If you thought that the Mac vs. PC wars were a load of fun, 'what's the best e-reader for…' is pretty much guaranteed to top that classic OS battle in terms of viewpoints. E-Reader technology is evolving rapidly, multiple (often incompatible) e-book file formats have been established, competition from multi-function tablets is heating up and there are even divided camps based on the best form factor and display type. It's almost like taking that decades long computer battle, throwing in the fight over smart phone supremacy and adding a smudge of tablet competitions — all in one device and in a matter of only a few years.
There are hundreds of e-readers and tablets out there, all competing for a slice of the education market. Frankly, that's where much of the problem lies. With so many different file formats, display capabilities and hardware specs to worry about, content publishers have fragmented, with some supporting one platform and some another. However, sitting on the fence can become a lifelong occupation if you opt to wait for everything to settle down and a clear winner to emerge. So when the question is asked: What is the best e-reader for school, we're ready to take some criticism and pick a current champion.
E-readers are a natural for an educational setting, especially the fact that they can replace heavy knapsacks full of paper books with a single lightweight device. E-books usually cost less than their paper equivalents and with E Ink models, battery life is measured in weeks or months instead of hours. School use — whether it's college or high school — has a different set of requirements than personal use. If you're considering an e-reader for recreational reading, you probably place factors like style, price and pocket-ability high on your list of wanted features. If you are buying an e-reader to use for school, there are other features that should be taken into consideration, among them:
- Availability of content. Having the coolest e-reader in the world does you no good if you still have to buy paper textbooks.
- Display size. Sure, a Sony Reader Pocket Edition with a 5-inch display literally fits in a pocket, but scrolling around a textbook page that measures 10 inches by 7 inches on paper is likely to be an exercise in frustration.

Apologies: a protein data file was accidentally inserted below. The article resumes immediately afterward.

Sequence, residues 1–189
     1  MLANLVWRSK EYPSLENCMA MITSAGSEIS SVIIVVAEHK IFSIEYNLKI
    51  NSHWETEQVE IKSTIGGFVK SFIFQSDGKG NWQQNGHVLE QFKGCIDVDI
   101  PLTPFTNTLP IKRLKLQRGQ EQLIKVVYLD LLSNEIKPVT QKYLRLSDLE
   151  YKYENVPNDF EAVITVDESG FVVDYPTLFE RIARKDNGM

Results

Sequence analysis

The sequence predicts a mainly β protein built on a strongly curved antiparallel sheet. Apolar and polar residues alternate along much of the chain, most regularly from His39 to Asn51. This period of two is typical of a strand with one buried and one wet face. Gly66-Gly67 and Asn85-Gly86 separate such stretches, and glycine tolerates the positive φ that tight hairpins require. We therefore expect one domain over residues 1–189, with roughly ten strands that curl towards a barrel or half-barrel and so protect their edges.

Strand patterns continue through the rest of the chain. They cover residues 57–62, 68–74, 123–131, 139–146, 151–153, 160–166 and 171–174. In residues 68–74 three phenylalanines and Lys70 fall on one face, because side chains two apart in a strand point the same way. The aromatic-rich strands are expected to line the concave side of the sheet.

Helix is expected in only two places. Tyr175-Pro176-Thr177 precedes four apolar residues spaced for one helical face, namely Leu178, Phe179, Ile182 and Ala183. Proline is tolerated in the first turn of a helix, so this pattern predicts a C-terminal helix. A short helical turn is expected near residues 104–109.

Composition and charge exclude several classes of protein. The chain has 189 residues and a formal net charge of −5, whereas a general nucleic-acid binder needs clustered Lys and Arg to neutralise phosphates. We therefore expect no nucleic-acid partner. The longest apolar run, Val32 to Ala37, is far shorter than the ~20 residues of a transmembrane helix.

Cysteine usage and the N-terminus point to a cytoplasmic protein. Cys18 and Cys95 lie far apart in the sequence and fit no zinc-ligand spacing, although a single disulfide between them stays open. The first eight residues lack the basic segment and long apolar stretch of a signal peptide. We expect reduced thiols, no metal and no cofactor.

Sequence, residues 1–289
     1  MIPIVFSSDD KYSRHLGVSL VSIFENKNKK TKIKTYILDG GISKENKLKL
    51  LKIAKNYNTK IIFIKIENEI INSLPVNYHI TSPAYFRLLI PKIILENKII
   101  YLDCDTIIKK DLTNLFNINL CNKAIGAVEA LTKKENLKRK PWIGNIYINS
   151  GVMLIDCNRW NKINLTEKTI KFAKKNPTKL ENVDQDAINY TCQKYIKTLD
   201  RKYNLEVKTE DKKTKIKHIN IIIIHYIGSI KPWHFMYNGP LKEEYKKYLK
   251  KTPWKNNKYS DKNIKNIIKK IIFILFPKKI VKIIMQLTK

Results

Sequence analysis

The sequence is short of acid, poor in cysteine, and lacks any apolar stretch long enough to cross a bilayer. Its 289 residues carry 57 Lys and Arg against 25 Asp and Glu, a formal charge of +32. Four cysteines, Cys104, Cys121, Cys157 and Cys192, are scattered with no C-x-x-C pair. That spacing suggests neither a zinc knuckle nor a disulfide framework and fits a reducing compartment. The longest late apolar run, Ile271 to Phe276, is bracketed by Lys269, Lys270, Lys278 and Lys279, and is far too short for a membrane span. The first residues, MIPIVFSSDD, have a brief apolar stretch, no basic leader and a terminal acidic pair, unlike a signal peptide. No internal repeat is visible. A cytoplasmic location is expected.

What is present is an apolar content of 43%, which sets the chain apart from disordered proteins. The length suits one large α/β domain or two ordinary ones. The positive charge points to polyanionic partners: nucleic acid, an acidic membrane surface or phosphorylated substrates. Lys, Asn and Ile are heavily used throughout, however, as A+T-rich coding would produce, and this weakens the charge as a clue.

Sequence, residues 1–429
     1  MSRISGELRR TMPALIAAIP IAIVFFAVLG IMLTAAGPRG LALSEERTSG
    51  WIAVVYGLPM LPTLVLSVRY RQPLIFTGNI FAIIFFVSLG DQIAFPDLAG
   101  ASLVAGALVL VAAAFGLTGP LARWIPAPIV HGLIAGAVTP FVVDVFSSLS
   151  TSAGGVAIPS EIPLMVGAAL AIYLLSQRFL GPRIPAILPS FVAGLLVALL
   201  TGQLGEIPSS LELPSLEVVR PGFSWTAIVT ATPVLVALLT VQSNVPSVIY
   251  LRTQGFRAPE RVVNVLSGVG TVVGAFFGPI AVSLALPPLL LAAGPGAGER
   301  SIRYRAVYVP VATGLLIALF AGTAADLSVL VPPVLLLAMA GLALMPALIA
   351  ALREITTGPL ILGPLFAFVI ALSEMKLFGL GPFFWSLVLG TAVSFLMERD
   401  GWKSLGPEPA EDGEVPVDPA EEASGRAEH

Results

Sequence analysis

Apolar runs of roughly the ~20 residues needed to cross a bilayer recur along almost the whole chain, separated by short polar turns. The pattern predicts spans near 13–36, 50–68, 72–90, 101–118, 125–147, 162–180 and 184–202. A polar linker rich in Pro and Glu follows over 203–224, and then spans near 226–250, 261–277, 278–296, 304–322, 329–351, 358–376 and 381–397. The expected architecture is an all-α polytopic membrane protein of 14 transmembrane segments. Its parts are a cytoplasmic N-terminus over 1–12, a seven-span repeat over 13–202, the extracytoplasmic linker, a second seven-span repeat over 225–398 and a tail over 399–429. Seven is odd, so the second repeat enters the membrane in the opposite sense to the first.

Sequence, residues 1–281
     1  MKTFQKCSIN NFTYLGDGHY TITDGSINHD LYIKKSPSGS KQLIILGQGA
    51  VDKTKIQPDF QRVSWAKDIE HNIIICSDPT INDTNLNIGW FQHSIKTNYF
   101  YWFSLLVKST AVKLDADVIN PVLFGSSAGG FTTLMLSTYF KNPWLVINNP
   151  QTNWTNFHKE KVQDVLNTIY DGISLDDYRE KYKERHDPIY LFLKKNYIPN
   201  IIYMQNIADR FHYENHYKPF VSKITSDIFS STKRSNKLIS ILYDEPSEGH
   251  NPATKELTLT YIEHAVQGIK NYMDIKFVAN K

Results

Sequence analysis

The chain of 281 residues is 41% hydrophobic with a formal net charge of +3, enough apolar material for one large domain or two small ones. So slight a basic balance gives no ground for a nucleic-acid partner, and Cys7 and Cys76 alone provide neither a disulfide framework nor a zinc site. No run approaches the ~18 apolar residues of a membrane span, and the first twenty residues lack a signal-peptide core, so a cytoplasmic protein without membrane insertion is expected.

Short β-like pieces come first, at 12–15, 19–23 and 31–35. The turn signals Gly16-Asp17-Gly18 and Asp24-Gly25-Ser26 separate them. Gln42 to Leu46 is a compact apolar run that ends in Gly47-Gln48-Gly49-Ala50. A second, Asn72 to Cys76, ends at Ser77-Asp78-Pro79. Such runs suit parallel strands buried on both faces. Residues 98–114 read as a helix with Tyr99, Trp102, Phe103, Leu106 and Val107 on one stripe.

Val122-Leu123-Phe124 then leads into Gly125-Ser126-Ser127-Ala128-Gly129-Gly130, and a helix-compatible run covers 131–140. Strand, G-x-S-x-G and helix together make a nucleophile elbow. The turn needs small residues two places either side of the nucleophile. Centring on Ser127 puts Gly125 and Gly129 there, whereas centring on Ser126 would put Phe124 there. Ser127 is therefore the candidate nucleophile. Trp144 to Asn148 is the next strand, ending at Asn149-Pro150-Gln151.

- Display Technology. For long battery life and excellent visibility in most lighting conditions (night light required) an E Ink display is superior, but if you want color or backlighting you'll have to live with the glare issues, higher expense and reduced battery life of backlit LCD.
- Study Aids. The ability to highlight text, make notes and easily look up the definition of words is a must have for a school-bound e-reader.
- Portability. Ultimately, size does come in to play. If it wasn't an issue, everyone would carry a 17-inch laptop instead of an e-reader; the trick is finding the balance between portability and tradeoffs made to shrink the device.
- Cost. School is already expensive enough without having to buy yet another gadget.
Besides the many second tier e-readers and tablets offered through websites and electronics sellers, there are several manufacturers who clearly lead the market when it comes to these things:
- Amazon's Kindle e-readers
- Barnes & Noble's NOOK line
- Sony's Reader e-readers
- Kobo's Kobo e-readers
- Apple's iPad tablets
Each of these companies has multiple models available and has offered their devices for at least the past year. With the exception of Apple's iPad and the Barnes & Noble NOOK Color, all of the hardware offered by these companies is based on E Ink displays. And, each of these companies offers not only e-readers, but ties them in to an associated e-bookstore for content.